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The NetVista 2800 Model 8364-EUS is desirable because the CPU is an Intel Pentium MMX, an Ethernet card is built-in and the other components are also GNU/Linux compatible. The Model 8364-TUS is less desirable because it has an onboard token ring network interface. But the Model 8364-TUS can be converted to Ethernet and used as an LTSP workstation with a little know how and not too much expense.
The NetVista 8364-TUS is the size of a large GNU/Linux reference book or the telephone book for a medium size U.S. city: front view, side view.
4MB is the minimum compact flash (CF) you want. The CF only needs to hold the bootrom image. The images can be contained on a single floppy so 2MB may really be all you need.
Search the IBM support web site for compatible CF cards (see References below). We used a PNY 32MB because it was the smallest CF we could quickly get our hands on, and it was on IBM's compatibility list. The NetVista BIOS appears to support up to 128MB CF cards.
Which compact flash reader/writer?
As far as we know any USB compact flash (CF) reader/writer should work. Some authors advise using reader/writers with only one CF slot so there is no confusion. We used a USB 7-in-1 device with 4 slots without any problem. Your mileage may vary.
Copy bootrom image to floppy
There are many ways to copy LTSP bootrom images on to the CF. We had LTSP floppy boot disks in our lab which we share with a church day care facility. During the day the kids boot Windows to play games. At night and on weekends the geeks net boot LTSP on the same machines with floppies.
The LTSP bootrom images are stored on LTSP v3 servers in /tftpboot/lts/boot/bootroms. Copy the file matching your network card using dd. Our example uses a 3c905 NIC.
To create a boot floppy for your NIC from your LTSP server:
dd if=/tftpboot/lts/boot/bootroms/3c905c-tpo.lzdsk of=/dev/fd0
Replace "3c905c-tpo.lzdsk" with the image for your NIC.
Don't mount /dev/fd0 first -- dd will see the device is in use and refuse to access the disk.
Copy bootrom image to compact flash
Use any GNU/Linux distro with USB support to flash the image. Mike picked Damn Small Linux (a Knoppix derivative) and booted it on one of the Windows boxes in the lab. The USB reader/writer is /dev/sda. Do not use /dev/sda0 or /dev/sda1. The "0" and "1" denote partitions. The reader/writer will write to the partitions. We want to write to the raw device.
From your LTSP server:
dd if=/tftpboot/lts/boot/bootroms/3c905c-tpo.lzdsk of=/dev/sda
From a boot floppy on a standalone machine (our method):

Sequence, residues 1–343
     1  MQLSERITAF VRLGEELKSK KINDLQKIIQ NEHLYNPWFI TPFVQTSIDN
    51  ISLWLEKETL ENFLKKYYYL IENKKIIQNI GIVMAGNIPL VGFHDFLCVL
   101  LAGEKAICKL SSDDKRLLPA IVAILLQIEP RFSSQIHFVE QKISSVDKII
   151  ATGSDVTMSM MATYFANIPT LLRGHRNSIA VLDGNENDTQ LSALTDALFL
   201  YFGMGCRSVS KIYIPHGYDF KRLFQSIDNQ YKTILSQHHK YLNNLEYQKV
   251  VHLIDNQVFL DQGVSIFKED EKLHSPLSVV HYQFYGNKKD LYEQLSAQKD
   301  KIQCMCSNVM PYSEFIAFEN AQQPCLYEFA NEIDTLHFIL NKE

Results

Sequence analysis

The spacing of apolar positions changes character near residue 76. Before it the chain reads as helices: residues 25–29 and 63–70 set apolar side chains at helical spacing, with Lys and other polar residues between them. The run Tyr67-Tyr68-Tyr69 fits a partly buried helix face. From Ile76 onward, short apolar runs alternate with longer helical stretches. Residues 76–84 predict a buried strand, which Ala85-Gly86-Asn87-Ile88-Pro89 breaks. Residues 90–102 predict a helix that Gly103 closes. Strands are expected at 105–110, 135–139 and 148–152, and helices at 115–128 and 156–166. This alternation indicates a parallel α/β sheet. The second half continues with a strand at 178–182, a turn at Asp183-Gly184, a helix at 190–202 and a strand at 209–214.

dd if=/dev/fd0 of=/dev/sda
Do not mount /dev/sda prior to issuing the dd command. dd doesn't work on a mounted device.
Make certain you have an IBM compatible CF. We used a PNY 32MB. The BIOS appears to support 128MB cards. The minimum size for the project is 2-4MB.
Remove the case. Here's the trick -- look for a plastic latch below the power switch and power cable connector on the rear panel. Set the unit on its base. Hold the case with one hand. With the other hand lift the latch upward and at the same time pull the latch away from the case. The chassis should slide out with almost no resistance. Good old IBM engineering.
Loosen the large thumb screw above the expansion port covers on the rear of the chassis. Don't remove the thumb screw. Remove the port covers and insert the NIC into one of the white PCI expansion slots mounted on the power supply. Place a port cover on the open port and tighten the thumb screw which locks the port cover and the NIC in place.
Move the chassis around so that you are facing the front with the fan on your left. Locate the on/off switch on the front panel. The switch should have a white plastic barrel covering its shaft. The switch itself is mounted on the motherboard. Just to the right of the switch are a pair of jumper blocks. The jumper block closest to the front of the chassis is labeled PASSWORD OVR. Move the jumper to the left one pin so that it covers the leftmost pair of pins and the far right pin is exposed. Start the unit. Count to twenty (20), and turn the system off. Move the jumper back to its original position covering the rightmost pair of pins and exposing the leftmost pin. Wait at least 20 seconds and restart the system.
Wait for the token ring boot routine to time (error) out. If you do nothing, the system should enter the on its own. Choose "continue" until you get to the Configuration/Setup Utility. Accept all defaults except the following.
Password protection. There is no telling where your NetVista 8364TUS came from. Password protection may be enabled. Good luck on guessing the password. You may want to know how to wipe the password.
The password over-ride jumper is near the front of the chassis next to the front panel power switch. It is labeled PASSWORD OVR or something like that. Know that the password over-ride will also reset the BIOS to the default settings. The jumper block is three pins wide. Move the jumper to the left set of two pins. Boot up. Shut down. Move the jumper back to the original position.
Incompatible compact flash. Be sure to check the IBM web site for compatible compact flash cards. Any Sandisk or Toshiba compatible less than 128MB should work. But check anyway. No sense wasting time or money.
Common sense. Use only known good cables and ports. Test the network card and other components before converting your NetVista workstation from token ring to Ethernet.
Happy hardware hacking!
Terminal Server Project
Review: Linux on NetVista
NetVista N2800e Thin Client - Reference publications
N2800e Thin Client Express Reference September 2000
Processor: Pentium MMX 266
Bus Speed: 66 MHz
Video: S3 Trio 4MB
Sound: Crystal CS423x
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